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Antimicrobial effect of chlorine dioxide gas against foodborne pathogens under differing conditions of relative humidity

Park, Sang-Hyun, Kang, Dong-Hyun
Lebensmittel-Wissenschaft + [i.e. und] Technologie 2015 v.60 no.1 pp. 186-191
Escherichia coli O157, Listeria monocytogenes, Salmonella Typhimurium, anti-infective properties, chlorine dioxide, detection limit, food industry, food pathogens, leaves, relative humidity, spinach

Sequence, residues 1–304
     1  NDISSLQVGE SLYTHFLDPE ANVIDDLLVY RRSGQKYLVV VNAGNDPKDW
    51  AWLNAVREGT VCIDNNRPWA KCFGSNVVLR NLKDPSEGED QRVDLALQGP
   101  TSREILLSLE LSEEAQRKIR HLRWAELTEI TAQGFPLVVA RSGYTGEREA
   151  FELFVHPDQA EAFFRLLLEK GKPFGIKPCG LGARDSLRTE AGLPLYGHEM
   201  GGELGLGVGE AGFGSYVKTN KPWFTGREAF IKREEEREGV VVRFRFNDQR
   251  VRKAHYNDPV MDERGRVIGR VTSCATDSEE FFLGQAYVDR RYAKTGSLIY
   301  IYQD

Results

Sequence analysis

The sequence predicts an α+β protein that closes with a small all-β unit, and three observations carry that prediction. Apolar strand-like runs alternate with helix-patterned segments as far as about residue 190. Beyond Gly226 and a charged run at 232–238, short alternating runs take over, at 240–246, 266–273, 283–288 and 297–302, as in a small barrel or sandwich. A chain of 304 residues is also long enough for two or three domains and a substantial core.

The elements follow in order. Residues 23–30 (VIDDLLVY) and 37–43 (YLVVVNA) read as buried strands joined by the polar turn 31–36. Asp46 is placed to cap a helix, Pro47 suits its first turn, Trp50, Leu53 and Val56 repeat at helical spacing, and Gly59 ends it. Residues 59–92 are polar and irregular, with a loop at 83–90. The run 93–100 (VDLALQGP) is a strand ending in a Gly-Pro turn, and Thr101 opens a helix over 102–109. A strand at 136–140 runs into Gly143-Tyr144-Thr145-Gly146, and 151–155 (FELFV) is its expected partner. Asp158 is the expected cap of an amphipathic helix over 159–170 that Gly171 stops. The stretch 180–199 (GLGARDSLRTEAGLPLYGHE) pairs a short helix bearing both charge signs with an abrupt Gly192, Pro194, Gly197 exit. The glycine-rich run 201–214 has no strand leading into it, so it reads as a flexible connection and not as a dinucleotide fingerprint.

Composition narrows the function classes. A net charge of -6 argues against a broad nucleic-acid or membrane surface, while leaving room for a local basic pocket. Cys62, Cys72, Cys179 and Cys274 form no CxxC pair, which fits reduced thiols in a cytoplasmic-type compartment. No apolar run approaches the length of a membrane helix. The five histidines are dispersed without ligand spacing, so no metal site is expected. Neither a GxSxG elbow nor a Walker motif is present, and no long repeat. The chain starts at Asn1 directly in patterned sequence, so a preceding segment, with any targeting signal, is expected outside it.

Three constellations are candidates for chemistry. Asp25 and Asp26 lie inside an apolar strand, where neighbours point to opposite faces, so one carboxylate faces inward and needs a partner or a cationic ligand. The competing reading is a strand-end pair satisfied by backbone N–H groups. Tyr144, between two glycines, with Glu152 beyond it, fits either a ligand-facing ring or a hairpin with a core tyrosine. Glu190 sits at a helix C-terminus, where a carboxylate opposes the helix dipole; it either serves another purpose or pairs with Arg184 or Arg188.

The objective of this study was to determine the influence of relative humidity (RH) on the antimicrobial effect of chlorine dioxide (ClO2) gas against Escherichia coli O157:H7, Salmonella Typhimurium, and Listeria monocytogenes on spinach leaves. Spinach leaves were inoculated with three foodborne pathogens and treated with ClO2 gas at different concentrations (1, 5, 10, 30, and 50 ppmv) for 0, 5, 10, 15, and 20 min under differing conditions of RH (50, 70, and 90%). Inoculated spinach leaves subjected to ClO2 gas treatments experienced significant reductions, with pathogen populations reduced more under conditions of 90% than under 50 and 70% RH. Generally, there were no significant differences (p > 0.05) in reduction levels of the three foodborne pathogens between 50 and 70% RH. Exposure to 50 ppmv of ClO2 gas for 20 min resulted in 1.25–1.78 (50% RH) and 2.02 to 2.54 (70% RH) log reductions of the three foodborne pathogens. The levels of the three foodborne pathogens was reduced to below the detection limit (1 log CFU/g) within 15 min when treated with 50 ppmv of ClO2 gas under 90% RH. The results may help the fresh produce industry to establish effective conditions for ClO2 gas treatment.